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01/24/2012

Six Effective/Affordable Ways For Improving Your Organization�s Morale, Motivation & Bottom Line

In most organizations, daily operations are so busy and stressful that showing gratitude is fairly low on the list of priorities. But according to Todd Patkin, cultivating an organizational culture of appreciation can be the best possible strategy for growing your business.

�If your organization hasn�t made a conscious effort to instill an attitude of gratitude into your organization, you�re ignoring one of your most useful and lucrative tools,� says Todd Patkin, author of the new book Finding Happiness: One Man�s Quest to Beat Depression and Anxiety and Let the Sunshine In.

Patkin speaks from years of experience. For nearly two decades, he was instrumental in leading his family�s business, Autopart International, to new heights until it was finally bought by Advance Auto Parts in 2005. During that time, he learned just how valuable a culture of gratitude can be, and he made it his number-one priority to always put his people and their happiness first. (Even when his company had to stop throwing big holiday parties, it always gave a free turkey to each employee at Thanksgiving!)

�In so many organizations, employees go through their days assuming that their coworkers, and especially their bosses, don�t notice or appreciate all of the hard work that they do,� Patkin explains. �And if that�s the way you feel, you will just go through the motions. You won�t have any true motivation or dedication, and your productivity will be mediocre at best.�

In the midst of an already-tough economy, Patkin points out, this is the absolute last thing you want for your organization. In a very real way, he insists, tapping into the spirit of gratitude can tip the balance between either success and growth or stagnation and failure. Meaningful workplace gratitude is easiest to spark when it comes from leaders, but eventually that attitude will start to also spread between employees; from there, it�ll even trickle down to customers. All of that is great for business.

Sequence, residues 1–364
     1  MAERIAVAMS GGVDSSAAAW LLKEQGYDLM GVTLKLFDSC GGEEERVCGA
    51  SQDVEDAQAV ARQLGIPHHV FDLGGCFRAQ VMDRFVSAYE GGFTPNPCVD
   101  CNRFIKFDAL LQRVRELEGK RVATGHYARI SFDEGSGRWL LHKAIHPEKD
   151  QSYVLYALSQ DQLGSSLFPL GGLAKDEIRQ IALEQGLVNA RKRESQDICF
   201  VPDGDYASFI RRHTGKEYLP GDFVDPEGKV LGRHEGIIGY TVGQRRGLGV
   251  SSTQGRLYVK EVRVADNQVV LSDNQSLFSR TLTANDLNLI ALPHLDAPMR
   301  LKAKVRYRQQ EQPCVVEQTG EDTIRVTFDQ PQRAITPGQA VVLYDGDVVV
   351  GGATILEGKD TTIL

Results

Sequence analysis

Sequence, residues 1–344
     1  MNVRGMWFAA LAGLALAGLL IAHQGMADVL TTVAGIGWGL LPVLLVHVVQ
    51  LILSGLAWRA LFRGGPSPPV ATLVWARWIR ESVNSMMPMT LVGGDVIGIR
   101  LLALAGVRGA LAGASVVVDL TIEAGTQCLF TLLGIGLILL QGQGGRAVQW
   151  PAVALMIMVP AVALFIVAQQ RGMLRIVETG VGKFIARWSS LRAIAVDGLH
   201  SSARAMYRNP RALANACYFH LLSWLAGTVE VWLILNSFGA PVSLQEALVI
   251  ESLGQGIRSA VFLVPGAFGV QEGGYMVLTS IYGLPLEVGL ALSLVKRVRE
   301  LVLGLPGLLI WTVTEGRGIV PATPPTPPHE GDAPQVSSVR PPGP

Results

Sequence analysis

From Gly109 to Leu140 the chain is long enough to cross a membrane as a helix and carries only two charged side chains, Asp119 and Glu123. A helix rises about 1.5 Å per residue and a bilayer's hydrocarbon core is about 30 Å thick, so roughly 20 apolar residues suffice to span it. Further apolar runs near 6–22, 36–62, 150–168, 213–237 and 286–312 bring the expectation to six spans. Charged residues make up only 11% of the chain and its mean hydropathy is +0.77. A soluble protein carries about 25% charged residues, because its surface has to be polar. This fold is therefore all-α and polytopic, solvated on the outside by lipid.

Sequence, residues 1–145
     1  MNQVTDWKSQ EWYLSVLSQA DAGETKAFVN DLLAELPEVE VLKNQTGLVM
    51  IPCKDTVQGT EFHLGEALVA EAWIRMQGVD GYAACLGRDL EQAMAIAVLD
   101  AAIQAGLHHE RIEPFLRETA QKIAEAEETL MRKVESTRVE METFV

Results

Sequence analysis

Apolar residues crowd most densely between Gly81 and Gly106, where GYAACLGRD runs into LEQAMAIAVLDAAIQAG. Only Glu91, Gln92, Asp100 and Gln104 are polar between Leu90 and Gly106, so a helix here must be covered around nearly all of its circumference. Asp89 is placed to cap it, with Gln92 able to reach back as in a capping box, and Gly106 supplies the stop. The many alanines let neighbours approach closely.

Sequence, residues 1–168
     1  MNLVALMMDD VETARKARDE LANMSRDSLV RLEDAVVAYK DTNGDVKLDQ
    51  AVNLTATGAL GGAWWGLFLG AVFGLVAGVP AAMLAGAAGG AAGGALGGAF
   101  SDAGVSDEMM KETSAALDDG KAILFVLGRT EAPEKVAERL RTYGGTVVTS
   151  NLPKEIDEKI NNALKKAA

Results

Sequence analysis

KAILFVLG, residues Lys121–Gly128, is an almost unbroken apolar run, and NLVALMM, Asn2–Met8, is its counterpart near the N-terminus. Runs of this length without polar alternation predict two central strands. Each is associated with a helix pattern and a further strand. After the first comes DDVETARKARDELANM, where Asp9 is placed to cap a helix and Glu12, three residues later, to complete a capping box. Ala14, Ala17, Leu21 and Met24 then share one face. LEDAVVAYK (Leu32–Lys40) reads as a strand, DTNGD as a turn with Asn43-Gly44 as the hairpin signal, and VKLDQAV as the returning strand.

Helpful tips an attitude of gratitude:

Always say �thank you.� It�s easy to use the excuse that we don�t have time to hand out compliments and thanks like candy. But according to Patkin, though, there�s no better way to use your time. By taking just thirty seconds longer to get back to your office, you have improved another person�s mood, day, and productivity level. You�ll also be making yourself more approachable and likeable, and over time your team will begin to relate to you more positively.

�I will say that as a leader, I was somewhat unique in my company because I was a big hugger. Once my people recognized this as a sign of my appreciation and esteem, they would start to worry if I saw them and didn�t end our conversation with a hug! Yes, it�s somewhat countercultural, but I encourage you to incorporate hugs or literal pats on the back into your own repertoire, assuming you can do so safely and comfortably. Lastly, remember to acknowledge it when someone else gives you a compliment or a thank you � it�s important for others to know that their gratitude is noticed and appreciated in order for it to continue.�

� Take intent into account. The fact is, when you�re in a position to make a grand gesture of gratitude, your intentions may be consistently good�but your plans might not always be as successful as you�d hoped. Patkin recalls coming up with many show-the-love schemes. He would send high achievers to sports games, highlight various employees in company newsletters, plan lavish company parties, and hold raffles, to name a few examples. Sometimes those plans were well received; other times they weren�t.